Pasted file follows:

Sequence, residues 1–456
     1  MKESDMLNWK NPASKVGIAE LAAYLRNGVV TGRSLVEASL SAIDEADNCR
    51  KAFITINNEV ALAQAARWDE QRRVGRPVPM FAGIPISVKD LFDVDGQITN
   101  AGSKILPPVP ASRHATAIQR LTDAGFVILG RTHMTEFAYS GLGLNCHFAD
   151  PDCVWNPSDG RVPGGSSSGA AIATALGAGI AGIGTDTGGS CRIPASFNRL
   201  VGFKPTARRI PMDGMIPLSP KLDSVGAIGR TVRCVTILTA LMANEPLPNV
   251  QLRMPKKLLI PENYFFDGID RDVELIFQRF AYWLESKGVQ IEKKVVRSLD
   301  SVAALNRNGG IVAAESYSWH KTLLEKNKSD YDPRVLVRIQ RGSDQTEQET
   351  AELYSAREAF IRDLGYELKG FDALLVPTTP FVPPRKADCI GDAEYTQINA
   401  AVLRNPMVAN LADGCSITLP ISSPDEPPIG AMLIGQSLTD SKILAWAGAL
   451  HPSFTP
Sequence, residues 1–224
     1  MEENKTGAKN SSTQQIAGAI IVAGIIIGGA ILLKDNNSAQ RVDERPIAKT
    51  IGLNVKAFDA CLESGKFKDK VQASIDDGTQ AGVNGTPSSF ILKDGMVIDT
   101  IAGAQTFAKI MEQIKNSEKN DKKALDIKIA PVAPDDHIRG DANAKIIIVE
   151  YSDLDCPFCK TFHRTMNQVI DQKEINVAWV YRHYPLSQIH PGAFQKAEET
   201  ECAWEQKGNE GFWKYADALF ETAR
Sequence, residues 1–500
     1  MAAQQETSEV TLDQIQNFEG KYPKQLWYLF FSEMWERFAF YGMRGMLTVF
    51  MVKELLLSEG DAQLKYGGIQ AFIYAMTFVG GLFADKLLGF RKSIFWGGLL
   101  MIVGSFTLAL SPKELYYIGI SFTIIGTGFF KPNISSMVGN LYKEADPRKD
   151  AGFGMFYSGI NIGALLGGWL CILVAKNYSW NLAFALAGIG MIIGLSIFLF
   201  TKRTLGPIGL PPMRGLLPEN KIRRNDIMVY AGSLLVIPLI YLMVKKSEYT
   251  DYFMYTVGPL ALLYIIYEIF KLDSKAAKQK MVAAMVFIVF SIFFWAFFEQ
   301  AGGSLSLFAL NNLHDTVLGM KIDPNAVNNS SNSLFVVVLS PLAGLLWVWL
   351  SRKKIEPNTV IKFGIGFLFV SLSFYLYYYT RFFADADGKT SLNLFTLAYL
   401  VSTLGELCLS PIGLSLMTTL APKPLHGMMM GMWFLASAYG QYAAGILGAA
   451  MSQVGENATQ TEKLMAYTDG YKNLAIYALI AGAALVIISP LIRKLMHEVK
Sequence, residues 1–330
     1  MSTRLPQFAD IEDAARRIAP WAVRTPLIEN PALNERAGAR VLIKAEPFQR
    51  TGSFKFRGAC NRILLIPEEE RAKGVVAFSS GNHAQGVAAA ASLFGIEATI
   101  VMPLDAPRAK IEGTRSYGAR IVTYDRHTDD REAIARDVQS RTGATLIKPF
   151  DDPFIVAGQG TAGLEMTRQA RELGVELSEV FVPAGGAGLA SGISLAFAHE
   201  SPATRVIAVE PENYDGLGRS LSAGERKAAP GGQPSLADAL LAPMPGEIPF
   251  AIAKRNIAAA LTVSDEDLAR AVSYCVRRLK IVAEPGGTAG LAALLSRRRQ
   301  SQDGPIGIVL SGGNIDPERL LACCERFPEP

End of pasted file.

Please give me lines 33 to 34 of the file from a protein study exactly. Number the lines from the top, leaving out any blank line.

   151  DDPFIVAGQG TAGLEMTRQA RELGVELSEV FVPAGGAGLA SGISLAFAHE
   201  SPATRVIAVE PENYDGLGRS LSAGERKAAP GGQPSLADAL LAPMPGEIPF